Despite wide discounting and a plan to ’evolve’ to meet changing shopping habits,, Sainsbury’s sales have fallen in Q1 2019 by 1.2%, excluding petrol, with like for like sales falling by 1.6%. This is the third straight decline for the supermarket.
The group said that while total grocery sales fell 0.5%, general merchandise sales dropped 3.1% and clothing sales were down 4.5%.
Despite the declines, Sainsbury’s claims that its premium “Taste the Difference” own-brand food range has gained market share, as did some general merchandise categories and clothing – making it the UK’s fifth largest clothing retailer by volume.
The retailer is already reeling from its failed merger bid with rival Asda, which dented share price and totally derailed CEO Mike Coupe’s recovery plan. He had stressed in May that the retailer was trying to meet changing consumer demands in a tough market. However, his plan to, in his words, “evolve, rather than dramatically change, to meet changing customer habits such as more frequent shopping trips, the demand for more convenience and more shopping online” appears to be too slow in coming through.
This is part of a wider problem for the retailer, believes Thomas Brereton, Retail Analyst at GlobalData. ‘‘The myriad of negative growth figures covering Sainsbury’s eagerly awaited Q1 results appeared with little shock this morning… But possibly more worrying than the figures is the distinct lack of a recovery plan being offered at this stage. Although the update stated laudable achievements in technology investment – such as 148 supermarkets now offering the SmartShop self-scan process and 206 Argos stores offering Pay@Browse – alongside a brave pledge to invest in 400 supermarkets this year, this offers little assurance that fortunes will improve any time soon.”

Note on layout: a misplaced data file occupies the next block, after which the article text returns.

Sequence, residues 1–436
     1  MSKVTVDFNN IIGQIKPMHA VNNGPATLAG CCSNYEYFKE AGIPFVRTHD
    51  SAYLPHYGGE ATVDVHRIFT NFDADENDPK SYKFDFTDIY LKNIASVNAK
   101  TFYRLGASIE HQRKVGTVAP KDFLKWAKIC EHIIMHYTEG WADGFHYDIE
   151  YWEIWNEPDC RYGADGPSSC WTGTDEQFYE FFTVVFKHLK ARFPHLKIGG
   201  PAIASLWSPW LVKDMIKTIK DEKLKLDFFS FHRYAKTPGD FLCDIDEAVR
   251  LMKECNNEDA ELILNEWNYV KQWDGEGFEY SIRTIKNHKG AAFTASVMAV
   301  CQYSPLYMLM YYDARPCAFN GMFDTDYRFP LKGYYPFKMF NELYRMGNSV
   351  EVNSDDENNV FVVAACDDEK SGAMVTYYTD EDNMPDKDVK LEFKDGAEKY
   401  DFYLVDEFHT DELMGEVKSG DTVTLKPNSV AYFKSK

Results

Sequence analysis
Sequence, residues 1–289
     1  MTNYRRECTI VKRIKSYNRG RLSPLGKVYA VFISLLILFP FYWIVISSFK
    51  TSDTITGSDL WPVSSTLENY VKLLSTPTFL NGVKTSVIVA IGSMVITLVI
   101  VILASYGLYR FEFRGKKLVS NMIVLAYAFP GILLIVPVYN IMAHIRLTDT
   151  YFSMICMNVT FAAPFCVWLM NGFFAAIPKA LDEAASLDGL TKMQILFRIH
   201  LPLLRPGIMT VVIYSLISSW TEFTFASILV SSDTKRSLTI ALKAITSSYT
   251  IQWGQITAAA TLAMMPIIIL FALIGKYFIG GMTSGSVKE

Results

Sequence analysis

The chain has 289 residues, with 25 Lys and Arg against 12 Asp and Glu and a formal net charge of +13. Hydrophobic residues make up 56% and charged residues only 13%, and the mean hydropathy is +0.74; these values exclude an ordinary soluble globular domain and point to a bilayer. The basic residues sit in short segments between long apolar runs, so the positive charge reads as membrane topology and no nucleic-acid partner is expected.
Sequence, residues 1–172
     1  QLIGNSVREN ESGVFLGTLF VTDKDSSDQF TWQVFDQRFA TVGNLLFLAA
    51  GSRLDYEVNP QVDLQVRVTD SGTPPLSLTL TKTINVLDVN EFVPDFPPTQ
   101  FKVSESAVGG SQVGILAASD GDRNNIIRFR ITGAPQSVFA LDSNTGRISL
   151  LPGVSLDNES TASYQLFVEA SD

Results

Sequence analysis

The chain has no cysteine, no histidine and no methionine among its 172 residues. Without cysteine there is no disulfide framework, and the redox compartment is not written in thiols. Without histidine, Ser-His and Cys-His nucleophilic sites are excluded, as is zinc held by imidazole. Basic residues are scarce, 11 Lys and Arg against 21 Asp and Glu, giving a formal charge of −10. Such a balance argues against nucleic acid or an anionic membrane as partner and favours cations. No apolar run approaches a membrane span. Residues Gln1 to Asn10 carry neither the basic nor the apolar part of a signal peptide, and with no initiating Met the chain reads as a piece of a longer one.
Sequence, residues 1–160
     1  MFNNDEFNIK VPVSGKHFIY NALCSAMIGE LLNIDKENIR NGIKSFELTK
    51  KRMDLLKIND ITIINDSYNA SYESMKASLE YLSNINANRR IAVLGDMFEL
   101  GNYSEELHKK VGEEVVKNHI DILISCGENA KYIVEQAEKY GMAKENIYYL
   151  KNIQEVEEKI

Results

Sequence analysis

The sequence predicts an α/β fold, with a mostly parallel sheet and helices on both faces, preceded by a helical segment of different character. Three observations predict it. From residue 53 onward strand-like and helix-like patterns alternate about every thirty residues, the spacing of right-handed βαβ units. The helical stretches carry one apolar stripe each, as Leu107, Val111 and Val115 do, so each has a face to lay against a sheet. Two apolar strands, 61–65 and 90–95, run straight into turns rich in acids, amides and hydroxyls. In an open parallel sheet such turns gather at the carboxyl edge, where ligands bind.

He continues: “Mike Coupe’s position – as well as remuneration – has come under fire in recent months, exacerbated by the share price hitting a 30-year low at the end of June, and such a sidestep of a progress update will only heighten pressure that he should now be facing the music rather than singing along to it.”
According to the analyst, nursing Sainsbury’s back to health is now a difficult and unenviable task to say the least – whoever may be at the helm. The intense pressure from the value players has created problems across the rest of the market, but Sainsbury’s seems to have taken the brunt of the grocery revolution, caught in-between focusing on price – like rival Tesco has done – and focusing on product and service – such as Waitrose.
“Although Sainsbury’s is trying to compete – such as recently reducing prices on over 1,000 own-brand products to save customers 18% on an average basket spend – its more premium image means it will continue to stumble if it tries to overcome its competitors on price,” says Brereton. “Instead, Sainsbury’s needs to unearth and address the concerns closest to the hearts of its shoppers where other grocers have struggled; a particularly good example would be sustainability, with Sainsbury’s shoppers significantly more likely to consider the sustainability of the food they buy than those shoppers at its Big Four rivals.’’